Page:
If you reside in a wildfire-prone area, it is critical to remain current on safety precautions. The most critical information during a wildfire will come from your local authorities. Do not leave your home until you have received orders from the fire department. When you are notified to evacuate, create an emergency plan while preparing to leave. Determine two evacuation routes from your area and define a meeting spot for everyone in your home. Then, leave as quickly as suggested. Waiting till the last minute puts you in danger and impedes emergency services. Yet, there are some points to have in mind as well:
If you are unable to evacuate and you have to take shelter inside a building, which is usually your house, there are wildfire steps you can take in two different scenarios.
A. If you have at least two hours before the fire arrives and you can help firefighters limit damage to your property:
B. If you don’t have any time to waste and you can only keep shelter:
While evacuating the disaster area, your vehicle must hold a significant supply of gas as you may spend a significant amount of time in your car. Try to use large roads because narrow roads can quickly get blocked. You may need to leave your point of departure fast to keep safe. Know where you are going, how you are going to get there, and where you are going to remain.
If a wildfire starts when you are hiking or walking through a forested area, some tips can help you survive:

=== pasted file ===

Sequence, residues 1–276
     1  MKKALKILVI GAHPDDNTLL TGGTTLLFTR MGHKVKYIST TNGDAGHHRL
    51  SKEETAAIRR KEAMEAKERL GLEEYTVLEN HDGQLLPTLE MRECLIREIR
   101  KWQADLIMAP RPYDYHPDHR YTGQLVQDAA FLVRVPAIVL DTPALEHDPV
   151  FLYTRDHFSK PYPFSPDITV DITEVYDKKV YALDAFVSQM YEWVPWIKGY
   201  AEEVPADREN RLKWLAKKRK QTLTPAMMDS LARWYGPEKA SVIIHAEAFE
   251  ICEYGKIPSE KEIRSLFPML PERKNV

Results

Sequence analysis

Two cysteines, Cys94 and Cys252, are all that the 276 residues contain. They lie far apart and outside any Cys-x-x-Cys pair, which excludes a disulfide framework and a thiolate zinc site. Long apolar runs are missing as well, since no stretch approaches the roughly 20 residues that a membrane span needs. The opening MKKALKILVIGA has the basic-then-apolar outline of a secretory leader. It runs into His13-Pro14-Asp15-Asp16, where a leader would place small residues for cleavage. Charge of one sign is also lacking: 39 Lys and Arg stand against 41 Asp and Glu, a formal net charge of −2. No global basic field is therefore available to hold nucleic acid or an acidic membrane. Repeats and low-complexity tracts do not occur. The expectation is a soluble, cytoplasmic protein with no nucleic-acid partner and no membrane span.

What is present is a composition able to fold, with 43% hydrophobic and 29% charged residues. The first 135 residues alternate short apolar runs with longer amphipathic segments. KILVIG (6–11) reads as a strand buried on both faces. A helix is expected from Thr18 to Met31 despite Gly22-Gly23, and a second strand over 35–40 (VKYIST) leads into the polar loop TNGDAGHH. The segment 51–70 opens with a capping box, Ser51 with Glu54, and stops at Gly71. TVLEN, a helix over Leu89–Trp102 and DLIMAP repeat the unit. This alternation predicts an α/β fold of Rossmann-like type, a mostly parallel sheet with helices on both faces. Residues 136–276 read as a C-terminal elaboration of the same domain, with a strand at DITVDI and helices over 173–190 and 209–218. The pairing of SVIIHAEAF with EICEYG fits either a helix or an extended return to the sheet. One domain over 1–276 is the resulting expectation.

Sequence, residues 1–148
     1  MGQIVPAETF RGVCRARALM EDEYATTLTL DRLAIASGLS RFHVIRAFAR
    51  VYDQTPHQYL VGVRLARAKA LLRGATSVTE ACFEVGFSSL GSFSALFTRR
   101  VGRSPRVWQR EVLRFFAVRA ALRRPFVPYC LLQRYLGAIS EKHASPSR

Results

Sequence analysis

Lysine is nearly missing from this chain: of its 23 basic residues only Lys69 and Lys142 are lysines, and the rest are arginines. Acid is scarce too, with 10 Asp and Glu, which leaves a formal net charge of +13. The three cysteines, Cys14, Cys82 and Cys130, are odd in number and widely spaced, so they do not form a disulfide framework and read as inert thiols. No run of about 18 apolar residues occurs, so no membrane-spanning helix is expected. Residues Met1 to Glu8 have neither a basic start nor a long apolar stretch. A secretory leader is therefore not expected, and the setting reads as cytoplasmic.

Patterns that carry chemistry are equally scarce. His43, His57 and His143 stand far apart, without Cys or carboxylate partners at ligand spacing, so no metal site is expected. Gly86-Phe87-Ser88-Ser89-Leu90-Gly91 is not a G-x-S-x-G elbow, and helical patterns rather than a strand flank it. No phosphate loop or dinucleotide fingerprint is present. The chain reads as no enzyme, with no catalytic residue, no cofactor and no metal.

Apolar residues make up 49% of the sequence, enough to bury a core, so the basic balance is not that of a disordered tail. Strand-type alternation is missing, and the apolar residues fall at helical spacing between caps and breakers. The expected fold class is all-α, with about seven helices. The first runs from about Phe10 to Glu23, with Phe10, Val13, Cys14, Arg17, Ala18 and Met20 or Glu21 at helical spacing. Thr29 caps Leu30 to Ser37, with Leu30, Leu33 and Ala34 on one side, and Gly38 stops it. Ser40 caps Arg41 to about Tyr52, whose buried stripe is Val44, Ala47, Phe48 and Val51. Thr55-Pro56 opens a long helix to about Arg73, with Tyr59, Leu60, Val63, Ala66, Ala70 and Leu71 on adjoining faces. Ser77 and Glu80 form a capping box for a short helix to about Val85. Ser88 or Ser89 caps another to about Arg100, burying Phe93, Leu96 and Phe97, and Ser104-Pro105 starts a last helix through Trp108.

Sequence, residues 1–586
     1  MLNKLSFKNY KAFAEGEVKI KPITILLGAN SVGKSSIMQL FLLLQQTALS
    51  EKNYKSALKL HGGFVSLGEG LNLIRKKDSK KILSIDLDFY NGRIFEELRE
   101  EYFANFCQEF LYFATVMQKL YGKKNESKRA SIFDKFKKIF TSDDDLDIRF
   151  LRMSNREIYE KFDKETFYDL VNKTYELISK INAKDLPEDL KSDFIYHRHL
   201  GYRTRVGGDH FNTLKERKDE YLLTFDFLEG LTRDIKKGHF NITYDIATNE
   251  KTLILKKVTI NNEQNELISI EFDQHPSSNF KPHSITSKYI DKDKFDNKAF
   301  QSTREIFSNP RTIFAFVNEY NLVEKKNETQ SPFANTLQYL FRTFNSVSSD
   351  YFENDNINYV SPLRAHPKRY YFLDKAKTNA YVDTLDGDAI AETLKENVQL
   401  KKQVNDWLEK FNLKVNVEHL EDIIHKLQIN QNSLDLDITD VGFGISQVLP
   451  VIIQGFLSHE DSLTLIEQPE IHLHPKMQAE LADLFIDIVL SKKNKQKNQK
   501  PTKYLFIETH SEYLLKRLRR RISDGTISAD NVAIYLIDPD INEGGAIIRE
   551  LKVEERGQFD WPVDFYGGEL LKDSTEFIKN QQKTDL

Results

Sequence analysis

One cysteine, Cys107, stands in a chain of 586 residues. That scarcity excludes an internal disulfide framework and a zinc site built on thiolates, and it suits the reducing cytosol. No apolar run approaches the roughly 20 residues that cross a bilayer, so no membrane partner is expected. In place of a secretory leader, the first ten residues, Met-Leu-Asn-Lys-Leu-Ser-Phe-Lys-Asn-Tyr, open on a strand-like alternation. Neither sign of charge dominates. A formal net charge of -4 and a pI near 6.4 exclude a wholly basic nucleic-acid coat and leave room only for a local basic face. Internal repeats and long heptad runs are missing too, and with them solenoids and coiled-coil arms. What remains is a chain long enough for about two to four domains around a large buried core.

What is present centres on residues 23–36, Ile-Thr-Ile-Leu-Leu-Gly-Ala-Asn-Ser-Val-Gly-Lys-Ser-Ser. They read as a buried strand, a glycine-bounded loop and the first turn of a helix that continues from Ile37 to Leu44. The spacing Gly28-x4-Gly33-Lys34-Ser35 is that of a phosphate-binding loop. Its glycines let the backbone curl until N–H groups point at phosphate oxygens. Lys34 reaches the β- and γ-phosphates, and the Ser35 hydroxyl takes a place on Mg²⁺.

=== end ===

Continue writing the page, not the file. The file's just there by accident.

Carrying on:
For last wildfire steps, before trying to return to your home after a wildfire, wait for authorities to declare it safe. When you arrive, clean up any driveway debris. Look for fallen power lines and broken branches and limbs in trees. When cleaning up, protect yourself from ash. To protect your skin, use gloves, long-sleeved shirts, long pants, shoes, and socks. Protect your eyes by wearing goggles. Also, wearing a N95 respirator reduces the ash you breathe in. As quickly as possible, wash off any ash that has gotten on your skin, eyes, or mouth. Next, smell natural gas or other strange scents as you get inside. Check each room with a battery-powered flashlight before turning on lights or appliances.
Additionally, wildfires may contaminate drinking water. Inquire with your local health agency about the safety of your drinking water before consuming it. Another significant consideration is the food in the refrigerator. If the food inside the fridge reaches 40 degrees Fahrenheit or higher, it must be discarded.
Finally, eat well and get enough sleep to help you cope with the stress you experience.